Author: DeVlieger, Dana L
Title: Promoting Creativity: How the Use of Music Analysis Affects Value Judgments in Copyright Litigation
Institution: University of Minnesota
Begun: August 2016
Completed: June 2020
This dissertation investigates the role of music analysis in copyright litigation and demonstrates that forensic musicology is a subjective and problematic discipline. Part of this subjectivity is due to misunderstood terms and definitions. Additionally, forensic musicology is an interpretive act, rather than a falsifiable statement of facts. For this reason, it is entirely possible that opposing experts could come up with contradictory but equally valid analyses of the pieces at issue in a case. Finally, the lack over oversight of forensic musicologists and the discipline’s disconnect from music scholarship has fostered the use of flawed analytical techniques, misleading claims about the nature of analysis, and a general disregard for newly developed methodologies geared specifically towards popular music. This project addresses each of these issues, bringing together perspectives from legal scholarship, music scholarship, and creators of popular music. Ultimately, several solutions are proposed to improve the consistency of music copyright litigation.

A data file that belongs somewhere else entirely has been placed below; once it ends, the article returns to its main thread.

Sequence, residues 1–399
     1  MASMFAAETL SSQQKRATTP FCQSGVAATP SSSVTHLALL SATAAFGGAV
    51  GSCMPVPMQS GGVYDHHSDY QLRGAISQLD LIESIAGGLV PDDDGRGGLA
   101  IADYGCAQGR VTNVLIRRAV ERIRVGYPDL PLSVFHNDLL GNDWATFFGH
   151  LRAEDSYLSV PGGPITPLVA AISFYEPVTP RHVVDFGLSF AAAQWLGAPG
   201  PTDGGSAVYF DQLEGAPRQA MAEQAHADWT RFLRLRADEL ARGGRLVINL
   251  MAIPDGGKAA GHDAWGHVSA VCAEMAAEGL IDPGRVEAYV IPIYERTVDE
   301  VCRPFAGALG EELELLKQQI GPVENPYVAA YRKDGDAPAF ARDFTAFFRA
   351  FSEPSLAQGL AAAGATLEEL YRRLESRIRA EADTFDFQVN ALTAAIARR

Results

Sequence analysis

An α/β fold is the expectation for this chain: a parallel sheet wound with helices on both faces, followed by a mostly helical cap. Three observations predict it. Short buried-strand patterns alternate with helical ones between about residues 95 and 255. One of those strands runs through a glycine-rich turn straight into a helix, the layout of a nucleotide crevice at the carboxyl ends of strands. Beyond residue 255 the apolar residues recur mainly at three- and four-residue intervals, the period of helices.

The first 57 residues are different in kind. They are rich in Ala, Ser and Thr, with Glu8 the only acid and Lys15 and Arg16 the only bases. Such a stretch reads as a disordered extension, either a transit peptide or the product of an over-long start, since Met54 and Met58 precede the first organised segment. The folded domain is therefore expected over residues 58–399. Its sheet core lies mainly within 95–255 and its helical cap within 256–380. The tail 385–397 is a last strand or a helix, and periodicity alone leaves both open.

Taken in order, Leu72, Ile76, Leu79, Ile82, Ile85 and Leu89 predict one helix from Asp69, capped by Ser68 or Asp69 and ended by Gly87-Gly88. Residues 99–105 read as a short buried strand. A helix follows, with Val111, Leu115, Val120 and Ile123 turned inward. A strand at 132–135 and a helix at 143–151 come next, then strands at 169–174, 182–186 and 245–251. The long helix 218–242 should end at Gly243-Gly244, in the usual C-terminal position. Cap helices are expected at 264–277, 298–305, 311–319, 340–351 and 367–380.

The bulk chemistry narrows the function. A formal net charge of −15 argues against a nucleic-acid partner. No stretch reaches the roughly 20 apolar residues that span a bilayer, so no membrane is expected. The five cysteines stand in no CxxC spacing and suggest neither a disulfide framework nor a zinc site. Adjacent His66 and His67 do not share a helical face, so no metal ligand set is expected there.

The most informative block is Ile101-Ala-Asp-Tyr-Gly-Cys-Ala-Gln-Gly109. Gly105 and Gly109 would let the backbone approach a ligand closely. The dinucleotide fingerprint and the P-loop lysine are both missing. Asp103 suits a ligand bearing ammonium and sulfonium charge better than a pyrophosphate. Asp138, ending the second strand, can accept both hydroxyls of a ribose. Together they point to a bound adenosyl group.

Keywords: copyright law, popular music, analysis of popular music, forensic musicology, creativity, ontology of music
Chapter 1: What Are We Protecting?
Chapter 2: Key Terms
Chapter 3: Musical Experts
Chapter 4: Music Analysis in Recent High-Profile Cases
Chapter 5: A Case Study
Chapter 6: Finders of Fact
Conclusion: Now What?
Dana L. DeVlieger (email@example.com)